The New York City Department of Health and Mental Hygiene has asked the city's restaurateurs and food suppliers to voluntarily make an oil change by eliminating partially hydrogenated vegetable oils from the kitchen.

Partially hydrogenated vegetable oils have been chemically modified and contain relatively high levels of trans fat, which significantly increases risk of heart disease, the city's top cause of death, the department said. Commercial vegetable oils used by restaurants for cooking, frying, and baking often contain trans fat, as do many margarines, shortening, and pre-fried foods, baked goods and snack foods.

DOHMH is announcing this new educational initiative following recently released federal dietary guidelines, which recommend that consumers keep their trans fat intake as low as possible. While many nutrition labels already indicate trans fat content, the federal Food and Drug Administration is requiring that trans fat content be listed on all nutrition labels starting 1 January 2006.

"New York City's restaurants are the best in the world but they can be even healthier" said DOHMH Dr Thomas R Frieden. "Trans fat is artificially added to the foods we eat and is easily removed. To help combat heart disease, the number one killer in New York City, we are asking restaurants to voluntarily make an oil change and remove artificial trans fat from their kitchens. We are also urging food suppliers to provide products that are trans fat free."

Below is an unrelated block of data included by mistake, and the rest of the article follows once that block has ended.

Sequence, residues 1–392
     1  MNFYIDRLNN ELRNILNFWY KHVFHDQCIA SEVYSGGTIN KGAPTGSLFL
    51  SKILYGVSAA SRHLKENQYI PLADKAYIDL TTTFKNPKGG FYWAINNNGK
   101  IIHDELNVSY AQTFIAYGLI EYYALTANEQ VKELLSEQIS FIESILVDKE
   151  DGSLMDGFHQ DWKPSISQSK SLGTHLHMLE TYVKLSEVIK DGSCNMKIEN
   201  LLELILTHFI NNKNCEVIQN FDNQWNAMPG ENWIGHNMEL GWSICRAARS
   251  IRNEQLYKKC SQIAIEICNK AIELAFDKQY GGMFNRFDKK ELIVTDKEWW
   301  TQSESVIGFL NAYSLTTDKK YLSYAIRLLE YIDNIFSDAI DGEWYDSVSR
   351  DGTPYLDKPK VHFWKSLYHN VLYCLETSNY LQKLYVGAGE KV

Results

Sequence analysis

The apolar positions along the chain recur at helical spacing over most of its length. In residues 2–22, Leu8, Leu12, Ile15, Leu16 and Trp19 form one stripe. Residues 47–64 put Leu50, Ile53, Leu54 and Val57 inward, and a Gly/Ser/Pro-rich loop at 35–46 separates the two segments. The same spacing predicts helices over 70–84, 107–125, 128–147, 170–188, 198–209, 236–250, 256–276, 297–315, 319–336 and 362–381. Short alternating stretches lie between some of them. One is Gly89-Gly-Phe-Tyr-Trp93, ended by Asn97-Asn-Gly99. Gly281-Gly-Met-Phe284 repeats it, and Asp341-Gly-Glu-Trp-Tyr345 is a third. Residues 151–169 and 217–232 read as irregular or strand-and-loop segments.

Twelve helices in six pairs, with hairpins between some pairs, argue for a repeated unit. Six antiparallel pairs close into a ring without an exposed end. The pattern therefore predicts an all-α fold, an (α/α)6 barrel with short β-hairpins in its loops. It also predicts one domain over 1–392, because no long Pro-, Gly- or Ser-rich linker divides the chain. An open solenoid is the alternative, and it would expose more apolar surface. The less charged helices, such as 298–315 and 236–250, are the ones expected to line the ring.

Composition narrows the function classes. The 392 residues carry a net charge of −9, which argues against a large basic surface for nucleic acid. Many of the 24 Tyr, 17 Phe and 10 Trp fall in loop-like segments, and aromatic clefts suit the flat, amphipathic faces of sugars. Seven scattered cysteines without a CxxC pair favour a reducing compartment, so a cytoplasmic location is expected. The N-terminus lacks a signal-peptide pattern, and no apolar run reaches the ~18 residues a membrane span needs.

"Heart disease is the leading cause of death and disability in the nation," said Robert Eckel MD president of the American Heart Association. "Trans fat increases the risk of heart disease risk because it raises total cholesterol and bad cholesterol (LDL), and lowers good (HDL) cholesterol. Similar to saturated fat which we get from meat and dairy fat, eating high levels of trans fats can increase the risk of developing heart disease, and this initiative, combined with efforts to reduce saturated fat, are essential ingredients for good heart health."

"New York City is world renowned for our culinary diversity," said E Charles Hunt, executive vice president of the New York State Restaurant Association. "Working together to reduce trans fat from our kitchens will be one more way to ensure an enjoyable and healthy experience for the City's 8 million residents and the millions more who visit every year."

Preliminary results from a sample of New York City restaurants found that 30% of restaurants used oils or fats known to contain partially hydrogenated vegetable oil for cooking or frying, or in spreads, such as margarine. As part of its educational push beginning this month, the Health Department is sending out letters and an information bulletin to more than 20,000 restaurants and 14,000 supermarkets and food suppliers to alert them to the dangers of trans fat, how to identify it, and how to replace trans fat with healthier options in the kitchen.

"Because many commercial products are not required to indicate trans fat content on the label, many restaurateurs and food suppliers may not know they are using oils with trans fat," said Sonia Angell MD MPH, director of DOHMH's Cardiovascular Disease Prevention and Control programme. "Restaurant owners should look for the words 'partially hydrogenated' in the ingredients list to know what ingredients are going into their food."